• Volcanic belts are close to
the trenches if the
subduction zone dips
steeply and far from the
trench if it dips gently.


Trenches and island arcs
• The belt of low gravity along the
trench reflects the fact that at the
trench, the sea floor is being
actively dragged down by the
dynamics of subduction.


Trenches and island arcs
• Many elements of plate tectonics were
already anticipated by proponents of
mantle convection.
• An important innovation of plate tectonics is
the emphasis it places on the polarity of
subduction zones.


Trenches and island arcs
Subducting plate Upper plate
Continental Himalayas
Fig. from Frisch, Meschede and Blake


Fracture zones
• Long, narrow mountain
ranges that were
discovered in the early
• The depth of the of the
ocean floor commonly
changes across a
fracture zone.
• On a map, fracture zones
are arcuate features of
great length.


Fracture zones
• Fracture zones
have many of the
characteristics of
transform faults, as
they seem to offset
mid-ocean rises
and magnetic


Fracture zones
• If fracture zones were
regular faults, they should
be characterized by
vigorous seismicity along
their entire length.
• The occurrence of
earthquakes along fracture
zones is intermittent; they
only occur along parts of
the fracture zones that are
between two seemingly
offset rise crest.


Fracture zones
The plate tectonics explanation:
• The boundaries between the two
plates initially formed in a stairstep pattern of perpendicular
ridges and transforms.
• The amount of offset today is the
same as at the time of formation.
• Between two rise crests, rocks on
opposite sides of the transform
are moving past each other as
fast as 100 mm/year.
• Beyond the zone between the rise
crests, rocks on opposite sides
are moving together.


Fracture zones
The plate tectonics explanation:
• Rocks on either side of the
fracture zone are of different
ages, therefore have subsided by
different amounts.
• The greater the amount of ridge
crest offset across a transform,
the greater the age difference and
the difference in ocean depth.


Fracture zones
• Transform faults can be grouped into six basic classes. By far the most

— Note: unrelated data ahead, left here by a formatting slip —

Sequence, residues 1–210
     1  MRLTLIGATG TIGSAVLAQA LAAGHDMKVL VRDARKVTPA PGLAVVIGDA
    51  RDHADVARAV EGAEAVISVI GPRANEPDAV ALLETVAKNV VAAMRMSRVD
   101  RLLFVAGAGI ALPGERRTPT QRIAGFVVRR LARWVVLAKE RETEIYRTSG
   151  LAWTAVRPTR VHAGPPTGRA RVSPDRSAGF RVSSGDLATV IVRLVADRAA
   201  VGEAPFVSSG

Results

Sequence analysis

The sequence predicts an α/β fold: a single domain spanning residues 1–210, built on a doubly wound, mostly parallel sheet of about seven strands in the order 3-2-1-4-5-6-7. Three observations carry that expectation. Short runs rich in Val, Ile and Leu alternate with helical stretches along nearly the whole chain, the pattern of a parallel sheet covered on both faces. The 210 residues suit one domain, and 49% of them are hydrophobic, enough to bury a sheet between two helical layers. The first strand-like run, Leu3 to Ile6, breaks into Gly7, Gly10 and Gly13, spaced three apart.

common type of transform fault is the ridge-ridge fault.


Summary of plate tectonics basic assumptions (from Fowler’s book)
• Generation of new plate material occurs by seafloor spreading; that is,
new material is generated along mid-ocean ridges.
• The new oceanic lithosphere, once created, forms part of a rigid plate.
• The Earth’s surface area remains constant; therefore seafloor
spreading must be balanced by consumption of plate elsewhere.
• The relative motion between plates is taken up only along plate


Plate tectonics on a flat earth: Relative velocity between two plates
• The velocity of plate A with respect to plate B is written: BVA.
• Conversely, The velocity of plate B with respect to plate A is written:


Plate tectonics on a flat earth: Two plates
• The western boundary is a ridge, which is spreading at a half-rate of 2
cm yr-1.
• Since AVB is equal to 4 cm yr-1, the eastern boundary is a subduction
zone. Either plate A is subducting underneath plate B and the length of
plate B increases by 2 cm yr-1, or plate B is subducting underneath plate
A and plate B is being destroyed at a rate of 2 cm yr-1.


Plate tectonics on a flat earth: Three plates
• Plates A and B are spreading away at a half-rate of 2 cm yr-1.
• Plate A being subducted underneath plate C at a rate of 6 cm yr-1.
• To determine the relative rate between plate B and C we use vector
C B= C A
• Thus, the net rate of destruction of plate B is 8 cm yr-1.


Plate tectonics on a flat earth: Three plates
• Plates A and B are spreading away at a half-rate of 2 cm yr-1.
• The boundary between between plates A and C is a transform fault
with a relative motion of 3 cm yr-1.
• Again, to determine the relative rate between plate B and C we use
vector addition as before.
• So either plate B is subducting underneath C (as shown), or C is
subducting under B.